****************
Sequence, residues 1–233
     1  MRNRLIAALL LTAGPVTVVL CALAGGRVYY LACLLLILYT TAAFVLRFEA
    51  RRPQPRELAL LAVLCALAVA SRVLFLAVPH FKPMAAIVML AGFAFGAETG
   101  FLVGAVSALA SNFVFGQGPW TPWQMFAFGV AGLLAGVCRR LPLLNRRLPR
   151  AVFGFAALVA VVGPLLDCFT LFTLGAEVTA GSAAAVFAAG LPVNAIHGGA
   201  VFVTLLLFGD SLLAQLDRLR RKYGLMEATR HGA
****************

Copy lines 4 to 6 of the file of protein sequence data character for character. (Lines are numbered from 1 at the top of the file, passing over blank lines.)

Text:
   101  FLVGAVSALA SNFVFGQGPW TPWQMFAFGV AGLLAGVCRR LPLLNRRLPR
   151  AVFGFAALVA VVGPLLDCFT LFTLGAEVTA GSAAAVFAAG LPVNAIHGGA
   201  VFVTLLLFGD SLLAQLDRLR RKYGLMEATR HGA